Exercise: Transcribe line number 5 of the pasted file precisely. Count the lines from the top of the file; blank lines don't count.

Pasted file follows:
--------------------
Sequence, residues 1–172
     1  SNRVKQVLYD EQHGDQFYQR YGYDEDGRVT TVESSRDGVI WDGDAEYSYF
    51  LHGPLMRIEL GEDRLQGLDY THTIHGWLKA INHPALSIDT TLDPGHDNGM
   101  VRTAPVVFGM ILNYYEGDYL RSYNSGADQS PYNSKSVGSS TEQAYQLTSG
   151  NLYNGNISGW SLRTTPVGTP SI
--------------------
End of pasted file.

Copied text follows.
   151  NLYNGNISGW SLRTTPVGTP SI